As far as I know, there are no serious ethical or political debates surrounding your stroller selection. Nobody makes a stroller out of recycled kitty litter and cornstarch, nor one that belts “Keep the Christ in Christmas!” from Halloween to the New Year. No, when it comes to picking a stroller, you’ll have to stick to the old-fashioned questions of, “How much do you want to spend on a stroller?” and “How much do you want to spend on the stroller you will buy after you realize that you cheaped-out on your first stroller and it’s a useless piece of crap taking up space in your mud room?”
It is an undeniable truth that you will own more than one stroller over the next 2-3 years. There is no single stroller that meets all of your child-transportation needs from birth to whenever you give up on preventing your precious cherub from emptying all the shelves at Barnes & Noble. You may tell yourself that back in the day your mom piled all seven of her kids into a buggy made from rusty pipes and a burlap sack and that’s good enough for your kid, too, but sooner or later you will crack and find yourself stalking other mothers at the zoo, peppering them with questions about their UPPAbaby Vistas while your heart fills with lust and envy. Do your soul-searching and your homework now and you will save yourself the heartache and a potential restraining order down the road.
In the beginning, you will need some sort of stroller that your infant carrier snaps into with relative ease. Baby-wearing is all well and good unless your newborn bundle of happiness is asleep in his car seat after 17 straight hours of crying and you’ve just arrived at CVS to buy adult diapers because you are still bleeding like a busted fire hydrant six weeks after delivery. When you are faced with the choice of disturbing your slumbering lovebug and triggering another four-day “witching hour” or drowning in your own postpartum sludge, you will appreciate being able to move the car seat from the car to the snap-n-go so that you can trot inside for your crotch pillows and a bag of Cheetos without disturbing baby's snuggly dreamland.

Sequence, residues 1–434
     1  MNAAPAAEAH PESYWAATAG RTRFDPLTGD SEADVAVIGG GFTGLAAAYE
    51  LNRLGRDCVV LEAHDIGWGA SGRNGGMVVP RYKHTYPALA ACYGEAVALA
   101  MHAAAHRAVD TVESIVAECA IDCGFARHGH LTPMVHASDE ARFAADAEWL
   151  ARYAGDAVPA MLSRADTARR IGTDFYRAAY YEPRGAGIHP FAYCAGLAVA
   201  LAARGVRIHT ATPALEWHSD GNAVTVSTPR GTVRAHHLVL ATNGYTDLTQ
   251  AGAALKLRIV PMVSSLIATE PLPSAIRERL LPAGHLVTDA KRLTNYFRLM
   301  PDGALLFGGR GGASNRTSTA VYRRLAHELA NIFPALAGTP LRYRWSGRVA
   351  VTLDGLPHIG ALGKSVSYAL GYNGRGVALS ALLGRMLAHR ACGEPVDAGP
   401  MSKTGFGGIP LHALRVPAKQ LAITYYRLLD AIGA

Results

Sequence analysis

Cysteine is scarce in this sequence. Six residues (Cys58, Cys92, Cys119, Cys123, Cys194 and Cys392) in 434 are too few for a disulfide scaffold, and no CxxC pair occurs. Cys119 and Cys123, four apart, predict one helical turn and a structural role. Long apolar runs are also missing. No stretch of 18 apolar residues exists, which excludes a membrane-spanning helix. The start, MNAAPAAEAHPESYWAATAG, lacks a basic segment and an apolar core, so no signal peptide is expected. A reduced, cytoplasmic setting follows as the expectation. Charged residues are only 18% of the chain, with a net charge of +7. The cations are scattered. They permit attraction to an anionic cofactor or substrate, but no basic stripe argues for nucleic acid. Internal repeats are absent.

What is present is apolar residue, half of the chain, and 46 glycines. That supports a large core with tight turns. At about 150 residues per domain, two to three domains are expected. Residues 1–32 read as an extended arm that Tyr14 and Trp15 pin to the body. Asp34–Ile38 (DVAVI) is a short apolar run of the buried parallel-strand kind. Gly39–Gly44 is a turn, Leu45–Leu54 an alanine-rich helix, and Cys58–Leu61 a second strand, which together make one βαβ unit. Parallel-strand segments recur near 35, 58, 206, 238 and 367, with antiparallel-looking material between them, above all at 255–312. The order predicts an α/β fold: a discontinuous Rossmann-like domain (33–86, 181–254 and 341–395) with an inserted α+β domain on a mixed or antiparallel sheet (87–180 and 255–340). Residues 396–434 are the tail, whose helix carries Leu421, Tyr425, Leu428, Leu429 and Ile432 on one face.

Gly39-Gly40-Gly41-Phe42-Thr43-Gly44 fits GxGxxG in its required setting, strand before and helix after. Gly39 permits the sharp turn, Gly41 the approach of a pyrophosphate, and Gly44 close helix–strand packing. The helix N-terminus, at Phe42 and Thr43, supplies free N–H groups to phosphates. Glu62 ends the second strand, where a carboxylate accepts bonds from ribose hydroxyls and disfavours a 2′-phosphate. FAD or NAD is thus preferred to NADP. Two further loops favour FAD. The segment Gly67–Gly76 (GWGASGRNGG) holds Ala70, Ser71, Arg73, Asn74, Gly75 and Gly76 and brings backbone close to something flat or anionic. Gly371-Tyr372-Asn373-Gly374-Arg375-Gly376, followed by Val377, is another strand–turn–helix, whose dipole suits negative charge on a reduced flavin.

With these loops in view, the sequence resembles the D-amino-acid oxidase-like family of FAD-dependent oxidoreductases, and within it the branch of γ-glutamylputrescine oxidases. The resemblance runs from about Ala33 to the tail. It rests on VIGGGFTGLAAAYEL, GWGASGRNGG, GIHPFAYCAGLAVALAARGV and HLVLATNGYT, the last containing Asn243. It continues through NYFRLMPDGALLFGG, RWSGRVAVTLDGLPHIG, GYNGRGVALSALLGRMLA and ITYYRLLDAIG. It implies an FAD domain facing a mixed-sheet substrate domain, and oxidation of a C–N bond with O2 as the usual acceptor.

Depending on where you live and how active you pretend you will be during your maternity leave, you may also need an all-terrain or jog stroller. This is where I got duped by Big Stroller, believing I could navigate my urban, Craftsman-era neighborhood with a lightweight, easily collapsible Baby Jogger City Mini GT. Our house has exterior stairs to the front door and I have the upper arm-strength of a 98 year-old woman, so something under 15 lbs seemed a logical choice. It turns out that due to my neighborhood’s charm and strict tree-removal ordinances, our sidewalks look like a set from the movie Tremors, and the City Mini with a car seat attached is as stable as a double-decker bus in a hurricane. After a few stubborn months of carefully navigating around pinecones and acorns, I broke down and bought the BOB Revolution. The BOB is built on the same chassis as the M1 Abrams battle tank. It’s made of industrial steel and ox bone and it weighs as much as a Hyundai, but costs a little bit more. The BOB can scale the exploded ruins of post-apocalypse Manhattan or the curb at the botanical gardens without breaking your gait. Resistance is futile for all of you re-gentrified urban oasis dwellers. If your ZIP code has more than two independent coffee houses with free WiFi or one “public house” that brews beer on-premises and doesn’t serve nachos, you will be buying a BOB before your baby’s six-month photo shoot.
Finally, there are the pipe-and-burlap umbrella strollers of our youth. No frills, no brakes, no actual use, because by the time your kid is old enough to sit in one without sliding under the single-strap seat-belt, you’ll be on your iPhone ordering a double BOB from your hospital bed in Labor & Delivery while your husband sits by your side, mentally calculating the projected cost of college tuition for two and browsing suburban real estate listings on Trulia.
Written by: Kathleen